On the night before Christmas in our household, candles illuminate otherwise disregarded corners, bowls of nuts and tangerines adorn tabletops, and jars of homemade pickles and preserves—holiday gifts from friends and neighbors—line the kitchen counter. Strains of Handel's Messiah mingle above our heads with the smells of pine needles, toasting bread crumbs, and lemon. The evening is pregnant with anticipation for both the anniversary of a miracle and a feast, which is sometimes a miracle in itself. We Italians usher in Christmas Day with Cena della Vigilia, the dinner of the vigil—the meal that breaks a daylong fast, at least in theory. The custom of the Christmas vigil dates back to the 7th century. In those days, fasting meant not eating or drinking anything but water for 12, 24, even 48 hours before receiving Communion on Christmas. Over the centuries, however, fasting obligations were relaxed, rules of abstinence—which meant no meat and, for the especially pious, no eggs or dairy products—became the standard, and the duration of the fast dwindled to one hour. Today, in my family and (I'm sure) in many others with a European Catholic heritage, the imminent birth of Christ is celebrated with one long, delicious—albeit meatless—dinner party. After that, we go to Midnight Mass. The meal, if properly prepared and paced, usually helps us stay awake.
Many of the world's religions employ some sort of numerology in their rituals, and Christianity is no exception. When it comes to the number of dishes served for Cena della Vigilia, however, there is no consensus. In many of Italy's landlocked regions, three courses are prepared, representing the Three Wise Men; in the Abruzzo, nine are preferred for the Trinity times three or for the nine months of the Virgin Mary's gestation; in parts of southern Italy, 12 or 13 are served for the apostles (numbered with or without either Jesus or Judas). I've even heard rumors of 24 courses someplace. The norm seems to be seven dishes, though, and that is the Vigilia feast I grew up with—not in Italy, but in Katonah, about 60 miles north of New York City—because that's the Vigilia feast my father, artist, cook, and cookbook author Ed Giobbi, grew up with himself.
My father's family hails from Le Marche—a region northeast of Umbria that borders the Adriatic Sea—and there, La Vigilia means seven different kinds of seafood, cooked seven different ways. According to my father, the number seven is important because it represents the seven sacraments. (When I used to ask him what the sacraments were, he'd answer, "pasta alle vongole, caponata alla siciliana, brodetto alla san benedettese ...") Seven fish dishes are also traditional in some other Italian regions. In Naples, I later learned from Joseph Scognamillo, chef-owner of Patsy's in New York City, the number is said to allude to the seven days of the week, the seven virtues, and the seven hills of Rome—and maybe even the 52 weeks of the year, on the grounds that five plus two equals seven.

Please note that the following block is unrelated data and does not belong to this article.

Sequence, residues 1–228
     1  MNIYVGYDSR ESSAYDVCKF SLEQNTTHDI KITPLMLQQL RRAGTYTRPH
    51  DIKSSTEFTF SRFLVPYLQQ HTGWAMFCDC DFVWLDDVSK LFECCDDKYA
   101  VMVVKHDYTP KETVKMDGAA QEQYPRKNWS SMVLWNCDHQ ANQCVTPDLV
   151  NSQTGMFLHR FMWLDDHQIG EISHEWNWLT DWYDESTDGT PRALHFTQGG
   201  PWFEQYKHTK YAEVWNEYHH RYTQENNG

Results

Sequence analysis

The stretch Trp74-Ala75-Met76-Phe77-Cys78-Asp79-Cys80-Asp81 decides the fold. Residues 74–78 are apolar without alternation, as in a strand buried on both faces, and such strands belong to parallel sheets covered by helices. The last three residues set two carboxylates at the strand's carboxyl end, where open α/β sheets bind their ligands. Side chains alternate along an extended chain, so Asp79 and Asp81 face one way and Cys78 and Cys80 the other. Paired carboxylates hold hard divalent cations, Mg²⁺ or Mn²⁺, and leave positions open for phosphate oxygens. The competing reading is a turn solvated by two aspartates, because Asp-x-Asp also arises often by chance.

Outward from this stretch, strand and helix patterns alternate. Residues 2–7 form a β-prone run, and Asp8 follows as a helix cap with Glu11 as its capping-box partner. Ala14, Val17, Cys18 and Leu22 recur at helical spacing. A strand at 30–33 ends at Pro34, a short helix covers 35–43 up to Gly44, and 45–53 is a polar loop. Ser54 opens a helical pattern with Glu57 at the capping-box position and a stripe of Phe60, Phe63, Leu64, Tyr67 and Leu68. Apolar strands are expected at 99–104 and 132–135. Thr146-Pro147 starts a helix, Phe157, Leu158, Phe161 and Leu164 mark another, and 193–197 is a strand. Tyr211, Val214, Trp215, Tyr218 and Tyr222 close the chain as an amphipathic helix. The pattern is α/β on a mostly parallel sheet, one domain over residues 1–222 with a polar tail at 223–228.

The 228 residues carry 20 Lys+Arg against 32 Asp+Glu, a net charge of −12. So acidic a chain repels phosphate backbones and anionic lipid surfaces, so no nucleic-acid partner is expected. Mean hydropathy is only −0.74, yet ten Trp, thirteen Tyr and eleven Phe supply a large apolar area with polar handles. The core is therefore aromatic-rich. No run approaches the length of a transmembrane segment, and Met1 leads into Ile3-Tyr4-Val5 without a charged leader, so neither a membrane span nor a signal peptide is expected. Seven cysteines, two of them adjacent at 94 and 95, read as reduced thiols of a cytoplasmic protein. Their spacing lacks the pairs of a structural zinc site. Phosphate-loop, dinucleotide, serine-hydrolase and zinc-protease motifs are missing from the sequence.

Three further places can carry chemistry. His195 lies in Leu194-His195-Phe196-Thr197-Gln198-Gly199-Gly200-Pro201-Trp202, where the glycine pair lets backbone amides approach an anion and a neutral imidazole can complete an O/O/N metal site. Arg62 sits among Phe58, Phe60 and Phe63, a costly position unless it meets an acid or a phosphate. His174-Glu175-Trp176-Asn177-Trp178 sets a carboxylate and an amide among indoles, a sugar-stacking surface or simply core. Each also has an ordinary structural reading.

The dishes and the types of fish served for La Vigilia are ultimately dictated by geography. In Naples, for instance, the devout leave certain treats on the table overnight for the angel who heralds Christ's birth; for this reason, many dishes are vinegar-based to preserve them. Around Lake Como in the north, large trout, which are only fished during the holiday season, are common.
In America, almost anyone can find the raw materials for the Vigilia feast of his or her heritage. Just before Christmas, markets in New York's Italian neighborhoods, for instance, stock up on a variety of Mediterranean and Adriatic goods such as triglia, or red mullet; seppie, called cuttlefish or inkfish in English (similar to squid but with a rounder body and thicker flesh); cicale, a relative of shrimp; langostino, a small, spiny lobster; tiny vongole, or clams; baby eels for frying; fresh sardines; fresh anchovies. "My mother," Scognamillo tells me, "she'd sell her soul to meet the proper requirements for La Vigilia."